Interactive Russian film project to rebuild Berlin Wall in city centre

A massive film-art project in the German capital is set to rebuild part of the Berlin Wall to create a closed-off mini-state, complete with visa checks, organisers said Tuesday.

Interactive Russian film project to rebuild Berlin Wall in city centre
Photo: DPA

The walled-in “city within a city” will host the world premiere of the mysterious and mammoth “DAU” film project and social experiment of enigmatic Russian filmmaker Ilya Khrzhanovsky, 43.

Pending final approval from Berlin city authorities, which organisers said was “in the works”, staff plan to erect 900 concrete wall slabs, each 3.60 metres (about 12 feet) tall, for the 6.6 million euro ($7.7 million) event.

Visitors to the parallel world will have to apply online for entrance “visas” and swap their cellphones for off-line digital devices with an algorithm that will suggest a personalised tour.

Set on a city block on Unter den Linden boulevard, the time-capsule project is due to launch on October 12 and end with a ritualistic tearing down of the wall on November 9, the day of the historic event in 1989.

The aim is not to create “a Disney GDR” (German Democratic Republic), said Thomas Oberender, director of culture festival Berliner Festspiele which will host the mega-event.

“It is not a film premiere but a mixture of social experiment, artistic experiment and… an impressive form of world-building,” he told a Berlin press conference.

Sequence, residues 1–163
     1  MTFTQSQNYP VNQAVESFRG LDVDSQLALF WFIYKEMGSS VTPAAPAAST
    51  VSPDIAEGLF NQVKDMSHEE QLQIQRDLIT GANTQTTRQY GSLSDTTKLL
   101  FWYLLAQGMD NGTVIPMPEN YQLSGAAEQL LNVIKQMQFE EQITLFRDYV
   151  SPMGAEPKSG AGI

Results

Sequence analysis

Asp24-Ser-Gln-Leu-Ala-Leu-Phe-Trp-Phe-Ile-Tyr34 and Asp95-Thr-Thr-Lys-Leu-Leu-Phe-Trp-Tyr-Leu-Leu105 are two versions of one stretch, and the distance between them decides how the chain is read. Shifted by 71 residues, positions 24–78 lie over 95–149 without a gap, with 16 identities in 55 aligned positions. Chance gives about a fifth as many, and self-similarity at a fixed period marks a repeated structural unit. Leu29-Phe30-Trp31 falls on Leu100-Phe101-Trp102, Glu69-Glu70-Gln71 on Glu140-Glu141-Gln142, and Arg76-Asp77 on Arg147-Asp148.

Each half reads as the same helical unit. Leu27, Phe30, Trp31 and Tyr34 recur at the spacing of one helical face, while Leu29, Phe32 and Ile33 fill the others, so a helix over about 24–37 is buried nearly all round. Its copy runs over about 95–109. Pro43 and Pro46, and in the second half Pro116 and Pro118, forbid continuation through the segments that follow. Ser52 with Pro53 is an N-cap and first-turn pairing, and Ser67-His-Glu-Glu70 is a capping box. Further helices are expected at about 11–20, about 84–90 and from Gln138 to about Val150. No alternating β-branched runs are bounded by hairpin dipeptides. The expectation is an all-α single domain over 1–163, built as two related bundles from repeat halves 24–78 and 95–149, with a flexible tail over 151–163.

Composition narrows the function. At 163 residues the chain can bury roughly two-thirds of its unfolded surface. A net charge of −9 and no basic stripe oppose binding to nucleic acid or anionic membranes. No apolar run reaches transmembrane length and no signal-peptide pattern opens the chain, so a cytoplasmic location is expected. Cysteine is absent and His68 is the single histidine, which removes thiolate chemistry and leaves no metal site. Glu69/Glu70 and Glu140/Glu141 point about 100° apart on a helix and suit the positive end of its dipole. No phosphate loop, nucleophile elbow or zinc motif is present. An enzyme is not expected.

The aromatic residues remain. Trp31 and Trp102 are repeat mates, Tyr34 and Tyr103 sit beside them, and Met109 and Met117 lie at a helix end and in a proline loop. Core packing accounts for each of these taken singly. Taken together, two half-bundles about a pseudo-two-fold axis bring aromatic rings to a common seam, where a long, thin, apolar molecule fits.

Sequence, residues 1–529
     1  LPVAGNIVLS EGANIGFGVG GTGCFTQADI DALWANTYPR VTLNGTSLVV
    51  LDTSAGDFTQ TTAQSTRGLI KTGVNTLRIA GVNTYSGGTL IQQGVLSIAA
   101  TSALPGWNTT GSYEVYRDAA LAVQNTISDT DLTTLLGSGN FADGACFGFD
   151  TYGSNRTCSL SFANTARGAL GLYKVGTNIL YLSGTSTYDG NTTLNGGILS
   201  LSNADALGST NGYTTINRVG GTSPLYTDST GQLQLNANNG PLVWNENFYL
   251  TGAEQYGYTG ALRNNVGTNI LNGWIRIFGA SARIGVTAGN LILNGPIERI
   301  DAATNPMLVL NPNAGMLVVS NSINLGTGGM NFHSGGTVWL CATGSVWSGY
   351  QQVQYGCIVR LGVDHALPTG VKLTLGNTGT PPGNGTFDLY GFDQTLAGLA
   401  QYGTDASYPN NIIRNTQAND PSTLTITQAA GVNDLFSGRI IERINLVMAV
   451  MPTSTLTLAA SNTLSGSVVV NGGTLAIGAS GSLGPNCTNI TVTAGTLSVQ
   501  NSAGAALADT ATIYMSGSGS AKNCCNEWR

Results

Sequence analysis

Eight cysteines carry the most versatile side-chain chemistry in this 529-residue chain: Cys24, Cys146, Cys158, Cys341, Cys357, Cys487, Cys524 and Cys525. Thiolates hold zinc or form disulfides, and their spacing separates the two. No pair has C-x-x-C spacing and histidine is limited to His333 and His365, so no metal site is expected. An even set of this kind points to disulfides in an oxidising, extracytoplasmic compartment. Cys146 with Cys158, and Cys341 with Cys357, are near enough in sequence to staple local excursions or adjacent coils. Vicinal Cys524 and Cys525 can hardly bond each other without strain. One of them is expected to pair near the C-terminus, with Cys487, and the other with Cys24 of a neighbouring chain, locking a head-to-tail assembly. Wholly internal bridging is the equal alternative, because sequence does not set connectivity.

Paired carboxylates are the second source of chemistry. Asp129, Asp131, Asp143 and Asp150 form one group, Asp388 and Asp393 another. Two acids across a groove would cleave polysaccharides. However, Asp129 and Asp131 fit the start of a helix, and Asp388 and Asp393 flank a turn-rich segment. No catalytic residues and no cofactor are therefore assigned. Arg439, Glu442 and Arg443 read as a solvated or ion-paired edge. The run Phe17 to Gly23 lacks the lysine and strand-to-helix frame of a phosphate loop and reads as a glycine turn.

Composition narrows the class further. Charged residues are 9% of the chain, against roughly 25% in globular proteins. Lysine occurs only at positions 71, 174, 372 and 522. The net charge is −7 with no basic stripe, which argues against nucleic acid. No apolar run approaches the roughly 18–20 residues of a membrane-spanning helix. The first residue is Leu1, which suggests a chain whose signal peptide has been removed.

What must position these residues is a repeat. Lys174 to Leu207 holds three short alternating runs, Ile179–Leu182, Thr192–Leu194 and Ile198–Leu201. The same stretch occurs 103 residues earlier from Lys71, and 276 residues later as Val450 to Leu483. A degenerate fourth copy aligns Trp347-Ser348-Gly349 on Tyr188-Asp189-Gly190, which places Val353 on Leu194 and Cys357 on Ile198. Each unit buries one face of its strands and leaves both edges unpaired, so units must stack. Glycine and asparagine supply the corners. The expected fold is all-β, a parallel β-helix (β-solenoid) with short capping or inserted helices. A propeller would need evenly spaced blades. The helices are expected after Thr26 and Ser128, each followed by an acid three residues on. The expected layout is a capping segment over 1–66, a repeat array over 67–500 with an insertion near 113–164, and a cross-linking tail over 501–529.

The aim, said organisers, is to spark “a political and social debate about freedom and totalitarianism, surveillance, co-existence and national identity”.

'Most insane film shoot'

Long shrouded in mystery, a trickle of news and cryptic clues has created buzz and sparked controversy about the project, with critics labelling it a stunt hurtful to people who lived in communist East Germany.

“Out of respect for the victims who really experienced such situations, we should step away from this,” Berlin politician Sabina Bangert of the Greens party said, according to Tagesspiegel daily.

Others are excited about a convention-busting art event that will evoke, but not seek to replicate, the Cold War past of Berlin.

Germany's minister of culture, Monika Gruetters, said she was “absolutely convinced this will be a world event”.

Lending star power to the project are conductor Teodor Currentzis, composer Brian Eno, director Tom Tykwer, performance artist Marina Abramovic, the band Massive Attack and, according to German news agency DPA, the legendary anonymous street artist Banksy.

Berlin's “DAU-Freedom” is set to kick off follow-up events in Paris in November (“DAU-Equality”) and London in early 2019 (“DAU-Fraternity”), all organised by the London-based Phenomen Trust, co-founded by Russian millionaire Sergey Adoniev.

The epic “DAU” film project, more than a decade in the making, has been labelled “Apocalypse Dau: the most insane film shoot of all time” by Britain's Daily Telegraph.

Dau was the nickname of Soviet nuclear physicist and Nobel laureate Lev Landau (1908-68), one of the fathers of the Russian nuclear bomb and an advocate of free love.

The project started in 2005 as a conventional biopic, with funding from several European countries, but evolved into what Caravan magazine labelled a “brutal and baroque movie project/human experiment”.